Bankruptcy and IRS Form 1099

Taxes and bankruptcy

So I have been getting a bunch of calls from my clients lately about bankruptcy and IRS Form 1099 that they received in the mail.  This being tax time and all it’s important to know your rights.  If you filed bankruptcy last year make sure you tell your tax preparer about it – especially if you have been sent a Form 1099 from one of your creditor’s.  Form 1099 is informational!  Remember that.

I ran across the following from the good folks over at

Its tax time and the mails are full of IRS form 1099.

If you managed a short sale of your property; suffered a foreclosure; filed bankruptcy; or settled your debt for less than you owed, you probably got a 1099.

But that’s not the end of the tax story.

Receipt of the form does not mean that you must include the reported sum as income.

Please repeat:

Mere receipt of the form does not mean you are necessarily paying taxes on that money.

Form 1099 is an informational form. It is sent out routinely and without much thought on the creditor’s part.

When real property changes hands or when a debt is forgiven, the creditor involved is required to report the transaction to the IRS. You, the potentially affected taxpayer, get a copy.

Here’s the action plan to avoid paying more tax.

Claim the exceptions to the rule

The Internal Revenue Code starts with the proposition that debts that are forgiven increase your net worth. In IRS-think, there must be a tax due.

But there are exceptions. The three most important exceptions for my clients:

Qualified mortgage indebtedness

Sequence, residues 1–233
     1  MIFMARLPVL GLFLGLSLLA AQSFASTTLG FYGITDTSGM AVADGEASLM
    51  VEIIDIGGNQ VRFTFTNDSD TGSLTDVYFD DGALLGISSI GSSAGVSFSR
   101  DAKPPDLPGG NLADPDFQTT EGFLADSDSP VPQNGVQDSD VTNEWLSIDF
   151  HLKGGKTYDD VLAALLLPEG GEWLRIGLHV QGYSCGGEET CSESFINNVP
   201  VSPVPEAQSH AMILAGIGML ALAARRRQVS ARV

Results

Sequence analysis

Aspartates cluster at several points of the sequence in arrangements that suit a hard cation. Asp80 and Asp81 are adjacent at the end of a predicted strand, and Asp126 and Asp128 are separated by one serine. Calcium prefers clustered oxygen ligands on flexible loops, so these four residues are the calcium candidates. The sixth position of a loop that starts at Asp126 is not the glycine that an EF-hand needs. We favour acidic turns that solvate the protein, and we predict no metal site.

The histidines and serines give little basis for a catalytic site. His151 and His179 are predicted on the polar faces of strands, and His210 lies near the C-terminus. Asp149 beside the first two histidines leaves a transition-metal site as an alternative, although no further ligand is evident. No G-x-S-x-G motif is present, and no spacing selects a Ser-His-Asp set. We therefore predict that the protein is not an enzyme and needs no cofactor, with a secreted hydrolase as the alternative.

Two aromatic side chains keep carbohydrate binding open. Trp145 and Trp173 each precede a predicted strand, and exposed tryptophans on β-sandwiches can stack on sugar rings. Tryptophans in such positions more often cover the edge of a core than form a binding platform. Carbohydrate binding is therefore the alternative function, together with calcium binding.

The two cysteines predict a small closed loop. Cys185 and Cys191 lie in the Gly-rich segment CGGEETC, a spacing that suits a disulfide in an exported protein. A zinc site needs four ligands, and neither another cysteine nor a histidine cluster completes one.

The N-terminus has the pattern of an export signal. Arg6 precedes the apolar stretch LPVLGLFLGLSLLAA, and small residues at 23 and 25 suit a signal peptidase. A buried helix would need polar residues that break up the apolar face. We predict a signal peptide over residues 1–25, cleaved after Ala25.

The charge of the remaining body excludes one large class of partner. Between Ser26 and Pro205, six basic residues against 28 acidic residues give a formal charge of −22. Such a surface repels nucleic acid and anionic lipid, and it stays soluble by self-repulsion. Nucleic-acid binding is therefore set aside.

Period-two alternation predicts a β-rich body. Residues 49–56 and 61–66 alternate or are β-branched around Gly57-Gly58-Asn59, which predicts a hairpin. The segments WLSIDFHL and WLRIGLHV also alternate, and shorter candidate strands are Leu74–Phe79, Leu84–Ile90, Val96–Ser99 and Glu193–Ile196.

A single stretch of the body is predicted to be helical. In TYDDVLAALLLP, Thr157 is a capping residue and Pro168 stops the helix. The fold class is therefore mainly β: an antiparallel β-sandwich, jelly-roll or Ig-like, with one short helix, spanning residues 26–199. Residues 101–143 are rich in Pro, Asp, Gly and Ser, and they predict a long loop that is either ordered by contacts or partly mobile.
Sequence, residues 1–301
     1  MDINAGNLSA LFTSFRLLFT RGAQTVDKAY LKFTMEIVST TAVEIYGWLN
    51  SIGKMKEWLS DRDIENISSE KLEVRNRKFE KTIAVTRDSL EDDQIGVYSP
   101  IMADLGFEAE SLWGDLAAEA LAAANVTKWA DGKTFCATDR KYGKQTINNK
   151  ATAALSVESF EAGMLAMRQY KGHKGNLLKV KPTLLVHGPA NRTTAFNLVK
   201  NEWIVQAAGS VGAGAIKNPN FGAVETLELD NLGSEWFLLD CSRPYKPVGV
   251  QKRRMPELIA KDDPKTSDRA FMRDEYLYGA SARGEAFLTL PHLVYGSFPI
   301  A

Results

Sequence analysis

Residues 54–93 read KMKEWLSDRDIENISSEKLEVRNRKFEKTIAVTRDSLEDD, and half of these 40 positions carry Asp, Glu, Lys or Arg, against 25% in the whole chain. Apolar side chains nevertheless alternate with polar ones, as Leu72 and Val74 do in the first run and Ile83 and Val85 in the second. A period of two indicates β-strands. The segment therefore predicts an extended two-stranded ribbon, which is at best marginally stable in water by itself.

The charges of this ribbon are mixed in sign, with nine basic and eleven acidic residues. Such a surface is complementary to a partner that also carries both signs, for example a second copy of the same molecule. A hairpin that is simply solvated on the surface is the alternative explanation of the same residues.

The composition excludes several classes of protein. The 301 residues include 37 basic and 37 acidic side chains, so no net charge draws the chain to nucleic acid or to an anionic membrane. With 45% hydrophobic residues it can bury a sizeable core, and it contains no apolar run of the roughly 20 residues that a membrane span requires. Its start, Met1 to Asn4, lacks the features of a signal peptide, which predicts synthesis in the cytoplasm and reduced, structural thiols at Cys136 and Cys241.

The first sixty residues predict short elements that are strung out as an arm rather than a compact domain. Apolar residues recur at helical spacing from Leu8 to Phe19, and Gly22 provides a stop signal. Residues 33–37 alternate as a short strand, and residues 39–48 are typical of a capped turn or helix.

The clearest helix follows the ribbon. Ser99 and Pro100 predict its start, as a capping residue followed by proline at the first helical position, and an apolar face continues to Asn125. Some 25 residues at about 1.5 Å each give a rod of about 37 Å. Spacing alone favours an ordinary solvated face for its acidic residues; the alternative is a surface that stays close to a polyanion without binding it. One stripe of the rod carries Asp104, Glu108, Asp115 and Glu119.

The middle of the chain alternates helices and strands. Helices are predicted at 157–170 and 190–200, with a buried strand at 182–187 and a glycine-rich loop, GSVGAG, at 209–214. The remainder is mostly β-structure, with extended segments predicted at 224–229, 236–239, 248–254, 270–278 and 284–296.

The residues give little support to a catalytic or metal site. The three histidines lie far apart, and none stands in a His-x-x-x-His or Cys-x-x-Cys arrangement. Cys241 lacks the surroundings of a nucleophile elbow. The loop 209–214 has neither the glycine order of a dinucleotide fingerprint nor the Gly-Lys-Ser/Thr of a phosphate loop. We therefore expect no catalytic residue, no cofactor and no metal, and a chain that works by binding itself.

Fit in one of these exceptions and the cancelled debt does not get added to your taxable income.

To establish your right to exclude the money shown on the 1099, you have to file IRS form 982.

If you don’t file the form and claim the exception, the IRS has no way to know that, despite the debt forgiveness, there is no tax payable.

Form 982 tax-avoiding choices

Form 982 lays out the possible reasons forgiven debt might not be taxable.

Bankruptcy A discharge in bankruptcy forgives the debt without tax consequences. Its the first exception found on Form 982. Bankruptcy law is found in Title 11 of the United States Code. The tax exception applies to the discharge of debt in any chapter of bankruptcy.

Insolvency Perhaps, when the debt in question was forgiven, you still owed more to other creditors than the value of your assets. You don’t have to include the forgiven debt in your income. You were insolvent. Note, however, that the solvency calculation here includes the value of retirement assets that your creditors can’t reach. Many people who have little net worth outside of retirement savings are actually solvent when you add in pensions, etc.

Qualified mortgage indebtedness- With the Great Recession and a slew of foreclosures, Congress enacted a short term safe harbor for the debt forgiven on a principal residence. The loan must have been was used to buy or improve the home. The law was recently extended to include tax year 2016.

In case of mistake

Another situation where you might get a 1099 but not owe tax is where you had no personal liability for the debt; that is, the debt forgiven was a non recourse debt. The foreclosure agent probably has no way to know whether the lender had a right to sue you.

When your debt wasn’t really cancelled

If none of the other exceptions to inclusion in income apply, make sure you consider whether you had personal liability for the debt. If not, seek to have the 1099 corrected, or attach an explanation to your tax return with the facts of your situation.

Remember, just because they sent you the form doesn’t mean you owe the tax.

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